Director: Bryn Higgins
Duration: 90 minutes (UK)
By Greg Wetherall
The faint whiff of seaside town melancholia – that particular brand of English lugubriousness – greets our introduction to erstwhile model-turned-full-time-actress Agyness Deyn in Electricity. Perched behind a plastic screen in the change booth of an arcade, she chews gum and flirts mildly with a patron. She exudes a detached, nonchalant air.
It is from these innocuous beginnings that the narrative reveals itself. Her character, Lily, is bound by the volatile condition of epilepsy, which is as unpredictable as it is vicious; knocking her to the pavement without adequate warning. This is just the tip of her woes. Maltreatment at the hands of her mother (‘Mum chucked me down the stairs when I was two, because I wouldn’t stop crying’, she explains early on). The ravages of this poor upbringing affected Lily’s brothers, Mikey and Barry too.
When their mother dies, Lily and Barry convene. They sell their departed mother’s property. The proceeds is theirs to keep. Lily believes that the money should be parted equally between the three of them. The trouble is, she hasn’t seen Mikey in years. Barry says that he’s a lost cause and doesn’t know where he is. Although he implores otherwise, Lily sets out on a mission to find her errant sibling.
What unfolds is a peripatetic, quixotic affair. Deyn doesn’t simply star in this film, she carries it. What a refreshing pleasure it is to say that this former model is a natural. Imbued with an effortless charisma, she plays her character with nuance and subtlety. Whilst you might not always agree with the actions she takes or how she handles situations, you never question the veracity of the portrayal.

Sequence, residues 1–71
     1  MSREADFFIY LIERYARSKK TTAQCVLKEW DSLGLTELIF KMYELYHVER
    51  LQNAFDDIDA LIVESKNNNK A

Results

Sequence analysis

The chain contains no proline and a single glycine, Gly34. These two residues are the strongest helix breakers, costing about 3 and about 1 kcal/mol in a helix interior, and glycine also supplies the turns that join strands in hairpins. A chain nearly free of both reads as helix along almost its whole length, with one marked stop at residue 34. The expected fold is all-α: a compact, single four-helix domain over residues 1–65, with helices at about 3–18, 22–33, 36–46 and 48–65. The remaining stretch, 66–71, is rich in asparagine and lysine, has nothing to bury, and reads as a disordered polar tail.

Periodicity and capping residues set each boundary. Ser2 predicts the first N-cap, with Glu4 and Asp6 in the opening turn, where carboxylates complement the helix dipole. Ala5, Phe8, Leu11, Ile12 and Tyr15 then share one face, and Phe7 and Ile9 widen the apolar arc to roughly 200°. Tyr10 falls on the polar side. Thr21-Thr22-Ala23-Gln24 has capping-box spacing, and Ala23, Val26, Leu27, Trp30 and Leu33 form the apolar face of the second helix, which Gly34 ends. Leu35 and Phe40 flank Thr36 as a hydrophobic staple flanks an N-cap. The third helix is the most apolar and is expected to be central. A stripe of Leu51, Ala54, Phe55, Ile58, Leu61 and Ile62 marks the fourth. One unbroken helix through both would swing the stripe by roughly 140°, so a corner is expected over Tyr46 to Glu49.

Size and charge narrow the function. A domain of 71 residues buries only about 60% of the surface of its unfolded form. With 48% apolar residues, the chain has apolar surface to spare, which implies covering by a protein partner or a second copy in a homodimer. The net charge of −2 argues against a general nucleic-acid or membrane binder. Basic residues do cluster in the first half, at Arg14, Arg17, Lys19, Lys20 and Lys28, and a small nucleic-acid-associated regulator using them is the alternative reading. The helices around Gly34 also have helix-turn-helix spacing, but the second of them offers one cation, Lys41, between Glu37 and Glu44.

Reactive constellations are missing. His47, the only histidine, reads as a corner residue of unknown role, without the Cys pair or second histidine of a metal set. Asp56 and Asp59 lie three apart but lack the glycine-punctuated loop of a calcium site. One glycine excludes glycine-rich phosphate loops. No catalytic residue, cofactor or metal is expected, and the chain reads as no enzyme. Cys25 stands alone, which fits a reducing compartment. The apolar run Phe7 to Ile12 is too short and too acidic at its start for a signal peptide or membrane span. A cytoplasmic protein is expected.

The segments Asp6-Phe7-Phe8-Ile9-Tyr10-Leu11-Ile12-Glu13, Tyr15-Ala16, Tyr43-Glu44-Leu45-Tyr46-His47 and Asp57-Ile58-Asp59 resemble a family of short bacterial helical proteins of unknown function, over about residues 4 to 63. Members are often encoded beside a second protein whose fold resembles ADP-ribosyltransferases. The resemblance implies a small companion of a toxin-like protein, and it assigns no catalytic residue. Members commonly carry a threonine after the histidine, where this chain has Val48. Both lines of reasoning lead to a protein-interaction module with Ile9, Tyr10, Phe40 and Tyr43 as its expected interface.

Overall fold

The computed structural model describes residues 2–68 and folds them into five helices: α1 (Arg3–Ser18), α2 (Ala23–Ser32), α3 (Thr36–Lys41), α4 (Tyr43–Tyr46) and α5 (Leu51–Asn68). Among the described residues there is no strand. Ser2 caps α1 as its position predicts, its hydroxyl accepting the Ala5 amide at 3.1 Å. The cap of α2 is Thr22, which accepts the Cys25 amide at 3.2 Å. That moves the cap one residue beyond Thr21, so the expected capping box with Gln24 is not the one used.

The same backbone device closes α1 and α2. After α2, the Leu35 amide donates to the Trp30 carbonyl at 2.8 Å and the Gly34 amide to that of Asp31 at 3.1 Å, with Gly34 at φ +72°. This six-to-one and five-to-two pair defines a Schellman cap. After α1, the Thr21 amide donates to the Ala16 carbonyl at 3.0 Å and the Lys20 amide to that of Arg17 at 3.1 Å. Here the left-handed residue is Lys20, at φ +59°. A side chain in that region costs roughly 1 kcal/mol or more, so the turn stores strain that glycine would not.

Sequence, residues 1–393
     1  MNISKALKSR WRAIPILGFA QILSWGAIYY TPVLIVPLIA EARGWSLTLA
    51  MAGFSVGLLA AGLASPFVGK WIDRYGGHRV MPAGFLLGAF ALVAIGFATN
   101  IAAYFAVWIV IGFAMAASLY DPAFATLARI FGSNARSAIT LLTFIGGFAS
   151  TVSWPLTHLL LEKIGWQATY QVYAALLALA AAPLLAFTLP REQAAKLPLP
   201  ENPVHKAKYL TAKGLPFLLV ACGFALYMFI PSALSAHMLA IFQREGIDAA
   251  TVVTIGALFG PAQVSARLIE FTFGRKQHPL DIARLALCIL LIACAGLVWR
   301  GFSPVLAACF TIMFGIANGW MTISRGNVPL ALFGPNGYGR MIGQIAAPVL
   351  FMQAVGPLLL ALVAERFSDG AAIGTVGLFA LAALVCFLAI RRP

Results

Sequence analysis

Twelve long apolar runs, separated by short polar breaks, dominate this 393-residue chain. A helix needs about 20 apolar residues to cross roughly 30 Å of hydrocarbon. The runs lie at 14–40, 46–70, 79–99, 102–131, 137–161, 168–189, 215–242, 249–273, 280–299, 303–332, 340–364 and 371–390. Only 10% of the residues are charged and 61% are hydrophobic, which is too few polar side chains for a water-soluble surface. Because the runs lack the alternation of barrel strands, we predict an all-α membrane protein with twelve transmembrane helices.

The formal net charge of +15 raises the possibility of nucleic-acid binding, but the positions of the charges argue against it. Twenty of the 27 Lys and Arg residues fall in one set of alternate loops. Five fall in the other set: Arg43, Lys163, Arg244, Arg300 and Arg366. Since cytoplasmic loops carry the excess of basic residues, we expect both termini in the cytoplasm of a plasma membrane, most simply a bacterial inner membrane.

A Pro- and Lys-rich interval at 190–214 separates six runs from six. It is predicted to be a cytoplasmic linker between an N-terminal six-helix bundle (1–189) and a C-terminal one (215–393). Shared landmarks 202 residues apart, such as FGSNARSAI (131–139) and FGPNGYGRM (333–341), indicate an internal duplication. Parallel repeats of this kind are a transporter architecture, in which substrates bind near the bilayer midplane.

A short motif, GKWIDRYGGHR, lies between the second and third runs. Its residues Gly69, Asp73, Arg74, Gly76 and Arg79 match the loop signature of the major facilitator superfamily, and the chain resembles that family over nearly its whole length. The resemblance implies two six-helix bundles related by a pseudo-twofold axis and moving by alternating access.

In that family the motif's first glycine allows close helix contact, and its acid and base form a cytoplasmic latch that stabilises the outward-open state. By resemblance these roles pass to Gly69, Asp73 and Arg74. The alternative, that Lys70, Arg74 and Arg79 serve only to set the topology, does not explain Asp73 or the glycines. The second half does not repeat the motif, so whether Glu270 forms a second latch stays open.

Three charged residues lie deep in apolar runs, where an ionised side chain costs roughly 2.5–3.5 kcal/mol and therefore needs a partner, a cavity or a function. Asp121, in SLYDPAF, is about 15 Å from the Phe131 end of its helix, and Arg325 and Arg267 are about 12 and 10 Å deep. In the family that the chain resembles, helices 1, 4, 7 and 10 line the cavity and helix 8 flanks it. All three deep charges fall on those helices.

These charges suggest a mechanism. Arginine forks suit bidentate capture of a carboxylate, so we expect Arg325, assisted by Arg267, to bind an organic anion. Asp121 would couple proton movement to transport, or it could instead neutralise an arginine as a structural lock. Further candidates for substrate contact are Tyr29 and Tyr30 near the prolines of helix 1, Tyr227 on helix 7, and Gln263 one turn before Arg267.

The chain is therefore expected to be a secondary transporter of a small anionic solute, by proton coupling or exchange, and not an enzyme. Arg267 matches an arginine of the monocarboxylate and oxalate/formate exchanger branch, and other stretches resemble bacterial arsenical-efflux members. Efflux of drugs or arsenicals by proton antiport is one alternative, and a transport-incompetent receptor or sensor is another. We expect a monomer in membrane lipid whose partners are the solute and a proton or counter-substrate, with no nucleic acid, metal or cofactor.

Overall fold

The camera floats with complimentary flair. This isn’t an exercise in technique at the expense of storytelling; there are flourishes of visual ingenuity tempered with pared-down direct relay. Some of the disorientating, foggy first-person epileptic episodes evoke Jonas Akerlund’s famed music video for the Prodigy’s ‘Smack My Bitch Up’. At other times, there is a faint hint of both Andrea Arnold (particularly Fish Tank (2009)) and Paul Wright’s For Those In Peril (2013) in terms of the cinematography and tone.
Where wrong steps are made, they are in the odd moments of character inconsistency. Lily clams up around Good Samaritan, Mel, but is more than forthcoming with waif Rachel, or Mikey’s ex Sylvia (a great turn by Alice Lowe). This is puzzling and could be a fault of the writing. There is also a climactic scene where the material strays a little too close to soap opera territory.
All in all, the complaints are minor. Electricity is full to the brim with interesting ideas. There is a gentle preoccupation with faith and yearning. Is this a spiritual pilgrimage from a battered individual looking for a semblance of security and hope in the face of debilitating conditions and experiences? Wounded and bruised, surely the key to survival is to keep on keeping on?
An assured lead debut from Deyn. A meticulous, dazzling direction from Bryn Higgins and a sturdy tale. A film that stays with you. Electricity was a London Film Festival highlight.
Electricity is on general release on 5th December 2014.
Follow Greg Wetherall on Twitter: @gregwetherall